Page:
How do I know that Resource Monitor isn’t just retaining a handle to the terminated process?

Raymond Chen

A short time ago, I explained that Resource Monitor shows information for terminated processes for a little while, so you can see the results before they go away. it’s not that Resource Monitor is able to go back in time and see processes that are already dead.

Ben Voigt makes the accurate observation that it’s possible that Resource Monitor is retaining a handle to the terminated process, and it’s that handle that allows it to keep asking questions about the process. A newly-launched Resource Monitor never observed the process before it terminated, and therefore never had a chance to obtain a handle to it.

Interesting theory. Let’s test it.

Run Task Manager, Resource Monitor, and Notepad. Close Notepad. It vanishes immediately from Task Manager, which demonstrates that Resource Monitor is not retaining a handle to it. That’s because process objects remain present in the kernel until all handles are closed; if the process has terminated, the process object is in a zombie state: You can use the handle to ask questions about the process (like get its exit code and CPU statistics). But as long as the process object exists, it shows up in the Details page of Task Manager.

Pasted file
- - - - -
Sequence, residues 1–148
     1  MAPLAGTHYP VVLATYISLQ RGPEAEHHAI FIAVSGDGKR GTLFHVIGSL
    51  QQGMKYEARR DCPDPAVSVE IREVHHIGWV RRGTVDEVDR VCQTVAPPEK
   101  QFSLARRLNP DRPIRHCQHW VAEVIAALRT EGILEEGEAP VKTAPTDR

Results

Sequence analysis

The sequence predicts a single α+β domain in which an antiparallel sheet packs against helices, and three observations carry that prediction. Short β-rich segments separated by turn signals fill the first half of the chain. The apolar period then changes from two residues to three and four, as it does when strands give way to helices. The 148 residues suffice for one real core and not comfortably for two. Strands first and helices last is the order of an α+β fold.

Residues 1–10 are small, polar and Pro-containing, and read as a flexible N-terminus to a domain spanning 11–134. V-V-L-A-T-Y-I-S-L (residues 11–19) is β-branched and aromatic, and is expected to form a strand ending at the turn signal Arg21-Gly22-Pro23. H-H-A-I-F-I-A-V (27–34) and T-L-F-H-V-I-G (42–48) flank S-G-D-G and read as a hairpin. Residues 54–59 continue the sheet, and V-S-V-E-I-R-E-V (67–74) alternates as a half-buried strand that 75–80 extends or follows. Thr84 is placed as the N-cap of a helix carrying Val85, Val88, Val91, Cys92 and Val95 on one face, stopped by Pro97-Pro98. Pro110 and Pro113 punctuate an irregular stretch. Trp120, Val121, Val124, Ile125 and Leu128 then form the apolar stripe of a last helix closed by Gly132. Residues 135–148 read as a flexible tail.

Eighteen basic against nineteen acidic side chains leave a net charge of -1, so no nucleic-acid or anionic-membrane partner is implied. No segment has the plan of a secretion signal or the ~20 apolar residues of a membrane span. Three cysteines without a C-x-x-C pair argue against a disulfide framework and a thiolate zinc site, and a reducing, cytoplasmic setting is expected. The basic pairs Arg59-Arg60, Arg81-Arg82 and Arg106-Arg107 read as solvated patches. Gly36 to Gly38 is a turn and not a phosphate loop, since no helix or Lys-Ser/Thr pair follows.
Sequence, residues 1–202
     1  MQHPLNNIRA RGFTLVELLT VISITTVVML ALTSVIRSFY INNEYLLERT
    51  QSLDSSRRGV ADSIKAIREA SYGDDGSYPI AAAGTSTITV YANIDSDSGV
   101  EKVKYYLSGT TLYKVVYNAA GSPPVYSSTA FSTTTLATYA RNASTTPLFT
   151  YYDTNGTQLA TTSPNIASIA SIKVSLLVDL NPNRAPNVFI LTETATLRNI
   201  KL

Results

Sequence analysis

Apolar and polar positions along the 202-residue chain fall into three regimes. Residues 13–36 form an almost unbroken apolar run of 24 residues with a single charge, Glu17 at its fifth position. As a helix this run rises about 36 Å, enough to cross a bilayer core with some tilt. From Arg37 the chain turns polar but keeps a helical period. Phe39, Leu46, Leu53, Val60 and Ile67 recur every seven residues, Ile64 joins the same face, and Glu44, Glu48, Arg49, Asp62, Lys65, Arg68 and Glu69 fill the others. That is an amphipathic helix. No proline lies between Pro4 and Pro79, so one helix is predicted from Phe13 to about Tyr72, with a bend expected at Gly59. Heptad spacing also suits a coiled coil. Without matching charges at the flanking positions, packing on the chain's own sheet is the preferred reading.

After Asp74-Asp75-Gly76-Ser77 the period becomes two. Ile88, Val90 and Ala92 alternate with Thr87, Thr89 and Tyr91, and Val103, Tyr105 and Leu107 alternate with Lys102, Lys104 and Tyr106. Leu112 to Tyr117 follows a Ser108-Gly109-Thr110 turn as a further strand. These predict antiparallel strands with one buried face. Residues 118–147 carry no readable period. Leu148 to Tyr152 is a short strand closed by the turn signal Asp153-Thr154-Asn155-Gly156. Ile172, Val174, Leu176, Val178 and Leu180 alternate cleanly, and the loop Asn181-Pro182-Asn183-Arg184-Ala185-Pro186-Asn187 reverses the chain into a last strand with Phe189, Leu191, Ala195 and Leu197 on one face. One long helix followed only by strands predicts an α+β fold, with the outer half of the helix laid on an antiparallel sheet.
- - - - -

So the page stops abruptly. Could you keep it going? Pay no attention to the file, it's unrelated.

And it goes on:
Notepad disappeared immediately, which means that its process object is gone for good, which means no active handles.

Okay, but maybe Resource Monitor closes the handle once it detects that the process has terminated.

To test that theory, run Task Manager, Resource Monitor, and Notepad. Connect a debugger to Resource Monitor and freeze it. Now close Notepad. It vanishes immediately from Task Manager, which shows that Resource Monitor didn’t have a handle to it.

The question came from a customer who saw that when their program terminated, it disappeared immediately from Task Manager and all the process enumeration APIs, but their program still appeared in Resource Monitor like a ghost from beyond the grave, and they wanted to know what sort of otherworldly powers Resource Manager has that lets it see processes that no longer exist.

Answer: No otherworldly powers. Just a good memory.


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